Linus Pauling: Many properties of substances can be discussed in terms of the sizes of the ions. One example is the formula of hydrates.
Sodium chloride doesn’t form hydrates ordinarily, out of aqueous solutions, salt crystallizes as anhydrous NaCl. The attraction
of the sodium ion and chloride ion for water molecules is not very great. But the ions with larger electric charge, the bivalent
ions, beryllium, magnesium, calcium, usually crystallize out of aqueous, their salts crystallize with water of crystallization,
and the water of crystallization is, to some extent, predictable. For example, beryllium is a small ion, magnesium is a larger
The size of magnesium relative to the size of a water molecule is about the same as sodium relative to chlorine. We would
expect then that a magnesium ion would coordinate six water molecules, about itself at the corners of an octahedron and, in
fact, magnesium chloride crystallizes with formula MgCl2 6H2O. Many of the salts of magnesium appear as crystallized from aqueous solution with six molecules of water which, without
doubt, in fact, we know from x-ray diffraction experiment, are arranged octahedrally about the magnesium ion.
The beryllium ion is smaller, so small that it can fit inside a tetrahedron of four water molecules arranged in this way,
and beryllium sulfate crystallizes as BeSO4 4H2O, the four water molecules being arranged in this tetrahedral manner around the beryllium ion.
In addition to the metals that are close to the noble gases in the Periodic Table - lithium and beryllium close to helium,
sodium and magnesium close to neon, and so on - and that easily lose one or two or three electrons to become positive ions,
there are also a number of other metals, those in the transition groups that easily lose electrons to become cations. For
example, chromium, manganese, iron, cobalt, nickel, copper, zinc appear in most of their compounds as cations with charge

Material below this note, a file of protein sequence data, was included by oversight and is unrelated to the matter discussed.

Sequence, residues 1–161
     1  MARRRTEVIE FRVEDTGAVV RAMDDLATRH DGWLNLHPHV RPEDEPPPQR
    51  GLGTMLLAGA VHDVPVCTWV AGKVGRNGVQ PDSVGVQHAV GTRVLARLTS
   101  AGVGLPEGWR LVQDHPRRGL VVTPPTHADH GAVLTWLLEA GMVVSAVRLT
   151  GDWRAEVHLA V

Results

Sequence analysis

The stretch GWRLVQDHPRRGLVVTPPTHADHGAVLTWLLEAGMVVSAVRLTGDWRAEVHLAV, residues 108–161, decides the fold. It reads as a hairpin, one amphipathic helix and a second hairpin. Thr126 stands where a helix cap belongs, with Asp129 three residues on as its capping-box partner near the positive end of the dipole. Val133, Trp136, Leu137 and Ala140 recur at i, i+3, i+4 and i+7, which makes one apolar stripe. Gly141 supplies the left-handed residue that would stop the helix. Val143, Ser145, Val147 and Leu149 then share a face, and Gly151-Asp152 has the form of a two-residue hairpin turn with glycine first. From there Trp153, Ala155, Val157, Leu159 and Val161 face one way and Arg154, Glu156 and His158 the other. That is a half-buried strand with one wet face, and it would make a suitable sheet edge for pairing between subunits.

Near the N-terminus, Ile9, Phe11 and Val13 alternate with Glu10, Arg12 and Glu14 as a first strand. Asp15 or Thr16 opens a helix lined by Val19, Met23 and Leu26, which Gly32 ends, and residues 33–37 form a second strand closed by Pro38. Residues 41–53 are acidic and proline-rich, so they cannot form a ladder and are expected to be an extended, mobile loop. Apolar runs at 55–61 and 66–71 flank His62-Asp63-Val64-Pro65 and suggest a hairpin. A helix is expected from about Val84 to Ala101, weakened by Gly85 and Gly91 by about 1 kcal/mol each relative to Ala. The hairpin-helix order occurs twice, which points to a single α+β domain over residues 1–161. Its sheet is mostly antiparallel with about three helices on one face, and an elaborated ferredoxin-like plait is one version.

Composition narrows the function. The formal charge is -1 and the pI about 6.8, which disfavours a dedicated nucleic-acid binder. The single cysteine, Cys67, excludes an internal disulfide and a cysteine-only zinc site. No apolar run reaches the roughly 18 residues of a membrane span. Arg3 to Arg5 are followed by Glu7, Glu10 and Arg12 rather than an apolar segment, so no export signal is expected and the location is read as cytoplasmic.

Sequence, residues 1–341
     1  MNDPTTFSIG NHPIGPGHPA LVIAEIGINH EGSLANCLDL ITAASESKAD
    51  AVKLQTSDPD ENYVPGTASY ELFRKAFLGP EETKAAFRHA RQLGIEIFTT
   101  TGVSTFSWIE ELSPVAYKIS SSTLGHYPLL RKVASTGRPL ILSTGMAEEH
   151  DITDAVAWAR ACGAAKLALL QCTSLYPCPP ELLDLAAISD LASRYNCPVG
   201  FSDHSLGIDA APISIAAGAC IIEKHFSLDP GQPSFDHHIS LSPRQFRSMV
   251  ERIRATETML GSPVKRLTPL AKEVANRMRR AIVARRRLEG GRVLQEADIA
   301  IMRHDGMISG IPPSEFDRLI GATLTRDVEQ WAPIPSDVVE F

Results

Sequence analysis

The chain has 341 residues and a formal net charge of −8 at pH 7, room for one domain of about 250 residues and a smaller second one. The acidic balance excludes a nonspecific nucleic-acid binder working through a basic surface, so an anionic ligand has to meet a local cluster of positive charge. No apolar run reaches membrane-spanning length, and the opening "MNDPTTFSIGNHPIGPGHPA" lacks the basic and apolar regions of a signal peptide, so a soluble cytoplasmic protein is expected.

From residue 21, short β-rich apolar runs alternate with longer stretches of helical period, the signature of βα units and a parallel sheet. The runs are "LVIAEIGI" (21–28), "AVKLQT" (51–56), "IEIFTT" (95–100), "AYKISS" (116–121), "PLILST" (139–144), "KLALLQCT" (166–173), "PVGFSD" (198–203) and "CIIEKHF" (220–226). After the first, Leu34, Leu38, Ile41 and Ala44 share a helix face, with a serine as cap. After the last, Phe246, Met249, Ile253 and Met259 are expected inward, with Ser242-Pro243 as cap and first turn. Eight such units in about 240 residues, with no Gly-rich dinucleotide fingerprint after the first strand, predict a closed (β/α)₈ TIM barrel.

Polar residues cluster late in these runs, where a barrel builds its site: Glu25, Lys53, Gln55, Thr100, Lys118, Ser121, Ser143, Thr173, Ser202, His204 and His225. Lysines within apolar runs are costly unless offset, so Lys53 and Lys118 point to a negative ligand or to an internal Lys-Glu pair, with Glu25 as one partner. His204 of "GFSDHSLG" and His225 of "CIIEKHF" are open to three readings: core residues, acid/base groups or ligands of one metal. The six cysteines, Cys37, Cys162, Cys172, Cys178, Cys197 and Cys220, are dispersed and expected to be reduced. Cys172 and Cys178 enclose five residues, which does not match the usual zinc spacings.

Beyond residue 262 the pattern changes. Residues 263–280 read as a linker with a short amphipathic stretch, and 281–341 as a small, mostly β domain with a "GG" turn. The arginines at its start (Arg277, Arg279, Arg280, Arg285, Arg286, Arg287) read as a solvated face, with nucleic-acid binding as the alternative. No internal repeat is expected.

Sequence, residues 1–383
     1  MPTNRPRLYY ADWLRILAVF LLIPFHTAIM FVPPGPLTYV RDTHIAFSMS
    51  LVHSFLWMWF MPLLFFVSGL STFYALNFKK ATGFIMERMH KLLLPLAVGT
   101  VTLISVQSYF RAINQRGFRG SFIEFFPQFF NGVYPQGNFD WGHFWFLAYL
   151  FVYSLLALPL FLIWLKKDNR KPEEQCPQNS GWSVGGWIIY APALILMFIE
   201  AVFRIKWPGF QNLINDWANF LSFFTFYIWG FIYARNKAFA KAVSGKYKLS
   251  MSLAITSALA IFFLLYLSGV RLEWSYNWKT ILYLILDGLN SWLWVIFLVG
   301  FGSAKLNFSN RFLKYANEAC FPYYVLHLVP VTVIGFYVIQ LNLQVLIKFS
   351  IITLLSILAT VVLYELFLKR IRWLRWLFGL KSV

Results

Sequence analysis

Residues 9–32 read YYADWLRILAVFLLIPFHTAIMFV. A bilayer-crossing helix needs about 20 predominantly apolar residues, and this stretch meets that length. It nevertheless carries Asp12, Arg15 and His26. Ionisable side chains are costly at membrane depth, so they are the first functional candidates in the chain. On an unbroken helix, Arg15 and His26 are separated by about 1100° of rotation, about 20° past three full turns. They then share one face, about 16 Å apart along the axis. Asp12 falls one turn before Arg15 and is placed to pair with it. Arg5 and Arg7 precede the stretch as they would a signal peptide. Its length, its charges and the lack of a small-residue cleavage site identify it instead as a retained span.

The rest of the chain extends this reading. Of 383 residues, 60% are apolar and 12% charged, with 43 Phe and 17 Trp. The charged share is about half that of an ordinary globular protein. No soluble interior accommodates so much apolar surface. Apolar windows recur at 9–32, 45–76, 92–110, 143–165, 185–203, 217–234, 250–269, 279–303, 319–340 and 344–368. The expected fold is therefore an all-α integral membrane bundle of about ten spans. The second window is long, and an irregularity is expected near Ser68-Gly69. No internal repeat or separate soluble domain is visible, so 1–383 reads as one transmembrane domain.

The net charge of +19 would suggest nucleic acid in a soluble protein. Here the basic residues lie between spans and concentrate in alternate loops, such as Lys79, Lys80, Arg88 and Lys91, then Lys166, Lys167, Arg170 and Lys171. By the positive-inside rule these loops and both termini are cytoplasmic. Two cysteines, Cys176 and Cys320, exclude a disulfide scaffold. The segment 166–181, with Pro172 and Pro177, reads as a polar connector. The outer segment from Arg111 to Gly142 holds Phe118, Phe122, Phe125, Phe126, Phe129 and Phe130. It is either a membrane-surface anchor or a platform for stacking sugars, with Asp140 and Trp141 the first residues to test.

plus two or plus three.
Zinc, in the period 2b of the Periodic Table, zinc forms the ion Zn++, Zn double plus. With atomic number thirty, it loses two electrons easily to form the zinc ion which has twenty-eight electrons.
Now, eighteen of these twenty-eight electrons are in the shells up to argon, completed argon structure, ten more occupy, ten
more are present in the krypton shell. They are just enough to occupy the five orbitals of the 3d sub shell.
Copper, when it loses one electron, to form the cuprous ion, has also achieved to be the structure in which there are ten
electrons in the five 3d orbitals. But of course, this state, this state with valency one, charge plus one, is not the most
stable one for copper. Most copper salts such as copper sulfate, blue vitriol, CuSo4 5H2O, most copper salts involve copper that has lost two electrons and there is no simple explanation of the tendency of copper
to lost two electrons.
The most that we can say for these metals in the transition series is that they lose one electron easily. The second electron
is pulled off with greater difficulty because one is removing an electron from an ion that already has a positive charge that
is pulling the electron back and sometimes it is possible also to remove a third electron. These elements in the transition
periods usually turn up with ions that have charge plus two or plus three. And, although it is possible to get some sort of
understanding of why one, understanding of why one charge plus two or plus three is the more stable for nickel, say, and another,
the more stable for cobalt. This is not a simple branch of chemical theory.